You need to remember that you have a right to a trial. So if you maintain your innocence, we can work together to develop a strong trial strategy to win a not-guilty verdict. There may be strong defenses we could use to show a jury that you are innocent of the crimes charged.

How Much Jail Time for Reckless Driving If I’m Charged with a Felony?

Racing is dangerous, even on a track. Racing on the highway endangers everyone. Racing can be a Class 6 felony if you injure someone not involved in the race who suffered a serious bodily injury.

However, you must serve one year in prison and could get as many as 20 years if someone dies. The Commonwealth can also require you to forfeit your vehicle if police seize it because you were racing.

You could also face a Class 6 felony if you drove with a suspended or revoked license and someone dies as a result of your reckless driving. You could spend up to five years in prison or up to one year in jail if you are convicted of a Class 6 felony.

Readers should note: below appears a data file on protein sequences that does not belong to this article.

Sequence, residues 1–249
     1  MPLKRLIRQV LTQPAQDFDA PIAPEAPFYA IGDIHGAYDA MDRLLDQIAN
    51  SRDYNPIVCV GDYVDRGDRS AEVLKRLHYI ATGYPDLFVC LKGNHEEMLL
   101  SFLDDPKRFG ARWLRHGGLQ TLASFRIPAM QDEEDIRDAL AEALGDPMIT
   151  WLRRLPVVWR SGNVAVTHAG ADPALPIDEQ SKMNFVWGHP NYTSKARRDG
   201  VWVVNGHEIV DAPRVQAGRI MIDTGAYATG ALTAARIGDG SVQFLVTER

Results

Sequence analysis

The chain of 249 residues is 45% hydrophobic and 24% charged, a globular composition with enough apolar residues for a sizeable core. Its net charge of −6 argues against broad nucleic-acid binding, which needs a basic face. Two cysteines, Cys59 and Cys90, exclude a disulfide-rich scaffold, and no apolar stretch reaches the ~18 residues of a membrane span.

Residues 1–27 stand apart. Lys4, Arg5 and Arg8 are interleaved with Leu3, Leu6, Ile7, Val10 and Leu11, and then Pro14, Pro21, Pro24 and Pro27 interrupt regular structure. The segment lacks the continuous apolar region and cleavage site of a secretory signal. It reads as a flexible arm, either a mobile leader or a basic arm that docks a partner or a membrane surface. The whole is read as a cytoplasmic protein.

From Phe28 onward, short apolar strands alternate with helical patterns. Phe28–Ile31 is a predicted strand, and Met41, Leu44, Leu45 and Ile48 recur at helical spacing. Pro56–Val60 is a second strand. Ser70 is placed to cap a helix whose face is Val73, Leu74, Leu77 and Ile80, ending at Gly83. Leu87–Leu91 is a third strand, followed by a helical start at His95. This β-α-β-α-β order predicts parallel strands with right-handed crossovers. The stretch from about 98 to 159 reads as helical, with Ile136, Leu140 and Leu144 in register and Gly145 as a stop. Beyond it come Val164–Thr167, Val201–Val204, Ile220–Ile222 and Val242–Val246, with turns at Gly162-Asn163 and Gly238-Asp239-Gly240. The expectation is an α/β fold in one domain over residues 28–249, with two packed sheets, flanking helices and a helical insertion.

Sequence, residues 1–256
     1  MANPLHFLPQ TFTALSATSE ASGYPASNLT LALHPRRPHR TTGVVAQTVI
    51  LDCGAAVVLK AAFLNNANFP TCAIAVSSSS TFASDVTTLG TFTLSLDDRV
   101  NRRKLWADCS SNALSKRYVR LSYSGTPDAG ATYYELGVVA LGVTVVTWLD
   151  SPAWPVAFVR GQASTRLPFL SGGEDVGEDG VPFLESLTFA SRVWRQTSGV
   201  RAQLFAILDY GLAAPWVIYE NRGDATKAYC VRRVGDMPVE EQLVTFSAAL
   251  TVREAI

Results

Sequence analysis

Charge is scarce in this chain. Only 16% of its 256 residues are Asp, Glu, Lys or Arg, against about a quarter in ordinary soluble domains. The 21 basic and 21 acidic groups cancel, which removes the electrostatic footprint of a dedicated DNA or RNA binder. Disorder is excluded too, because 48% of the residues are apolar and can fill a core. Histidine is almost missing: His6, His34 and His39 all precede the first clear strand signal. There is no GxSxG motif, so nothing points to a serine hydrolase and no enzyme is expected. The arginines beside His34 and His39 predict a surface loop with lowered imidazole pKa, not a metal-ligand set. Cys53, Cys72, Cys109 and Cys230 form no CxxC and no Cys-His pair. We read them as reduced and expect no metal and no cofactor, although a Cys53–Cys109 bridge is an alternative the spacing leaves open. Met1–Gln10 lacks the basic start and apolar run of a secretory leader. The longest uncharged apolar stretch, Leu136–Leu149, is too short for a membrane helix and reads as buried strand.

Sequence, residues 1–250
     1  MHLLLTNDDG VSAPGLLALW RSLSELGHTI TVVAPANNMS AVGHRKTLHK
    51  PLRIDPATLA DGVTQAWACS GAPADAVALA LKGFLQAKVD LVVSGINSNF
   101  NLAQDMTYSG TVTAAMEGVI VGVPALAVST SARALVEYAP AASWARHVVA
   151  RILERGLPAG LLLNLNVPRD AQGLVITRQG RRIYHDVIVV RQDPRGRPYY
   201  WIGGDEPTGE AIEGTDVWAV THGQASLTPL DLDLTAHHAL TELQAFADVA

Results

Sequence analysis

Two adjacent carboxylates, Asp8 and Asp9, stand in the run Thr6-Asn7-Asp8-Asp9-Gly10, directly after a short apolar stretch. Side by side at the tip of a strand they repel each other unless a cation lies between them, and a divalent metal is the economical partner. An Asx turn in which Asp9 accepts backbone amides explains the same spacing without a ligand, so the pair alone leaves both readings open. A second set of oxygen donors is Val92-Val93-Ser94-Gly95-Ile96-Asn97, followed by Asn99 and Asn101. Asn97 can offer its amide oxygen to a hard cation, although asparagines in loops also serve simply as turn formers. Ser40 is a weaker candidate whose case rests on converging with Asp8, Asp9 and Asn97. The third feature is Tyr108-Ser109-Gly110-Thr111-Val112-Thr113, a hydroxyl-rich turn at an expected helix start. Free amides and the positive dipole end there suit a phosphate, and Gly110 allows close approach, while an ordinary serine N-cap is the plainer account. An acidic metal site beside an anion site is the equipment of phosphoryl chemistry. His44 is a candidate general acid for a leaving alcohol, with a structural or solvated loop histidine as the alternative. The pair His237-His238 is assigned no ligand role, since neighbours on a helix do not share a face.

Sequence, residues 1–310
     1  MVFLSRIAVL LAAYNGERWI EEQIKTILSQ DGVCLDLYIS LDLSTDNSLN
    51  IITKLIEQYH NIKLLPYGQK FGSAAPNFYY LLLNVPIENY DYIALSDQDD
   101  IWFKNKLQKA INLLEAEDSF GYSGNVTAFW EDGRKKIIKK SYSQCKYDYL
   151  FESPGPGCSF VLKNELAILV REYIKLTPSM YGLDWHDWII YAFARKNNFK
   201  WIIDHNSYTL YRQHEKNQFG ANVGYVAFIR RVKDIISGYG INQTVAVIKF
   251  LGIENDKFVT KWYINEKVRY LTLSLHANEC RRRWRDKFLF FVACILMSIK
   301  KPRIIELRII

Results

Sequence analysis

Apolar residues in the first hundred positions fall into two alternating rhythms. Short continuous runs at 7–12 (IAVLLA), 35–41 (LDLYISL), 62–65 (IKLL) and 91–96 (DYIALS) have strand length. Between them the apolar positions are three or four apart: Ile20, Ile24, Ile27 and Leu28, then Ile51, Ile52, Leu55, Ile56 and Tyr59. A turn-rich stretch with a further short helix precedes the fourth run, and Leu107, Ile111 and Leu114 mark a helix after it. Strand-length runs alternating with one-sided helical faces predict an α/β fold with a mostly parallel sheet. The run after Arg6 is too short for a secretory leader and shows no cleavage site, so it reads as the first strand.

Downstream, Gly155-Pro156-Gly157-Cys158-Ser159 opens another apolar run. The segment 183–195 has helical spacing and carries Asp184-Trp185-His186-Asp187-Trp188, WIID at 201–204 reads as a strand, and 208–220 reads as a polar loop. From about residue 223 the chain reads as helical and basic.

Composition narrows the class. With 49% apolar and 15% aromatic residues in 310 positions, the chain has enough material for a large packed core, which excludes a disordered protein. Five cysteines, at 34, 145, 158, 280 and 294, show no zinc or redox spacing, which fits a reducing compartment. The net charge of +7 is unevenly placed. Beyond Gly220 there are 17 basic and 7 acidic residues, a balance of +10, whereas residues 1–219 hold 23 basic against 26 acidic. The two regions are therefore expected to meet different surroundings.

Contact a Reckless Driving Lawyer Today

If you think you’re facing jail time for reckless driving in Virginia, please give me a call at 540.300.2837, or contact me online today.

Getting the chance to hear the details of your case will give me an accurate idea of what you can expect. Don’t hesitate, you’re one phone call away from possibly reduced, or dropped charges.

Andrew Flusche

My name is Andrew Flusche. I am a traffic and misdemeanor defense lawyer in Virginia. I limit my practice to traffic tickets and misdemeanor defense, so I know the ins and outs of these offenses. I literally wrote the book on reckless driving in Virginia which you can get on Amazon here or download for free here. I opened my practice in 2008 after earning my Juris Doctor degree from the University of Virginia School of Law. Since then, I have earned over 600 5-star reviews from happy clients on Google, Yelp, and Facebook. If you’ve been charged with a misdemeanor offense in Virginia, please don’t hesitate to contact me. Your initial consultation is always free, and you'll talk directly with me about the details of your case.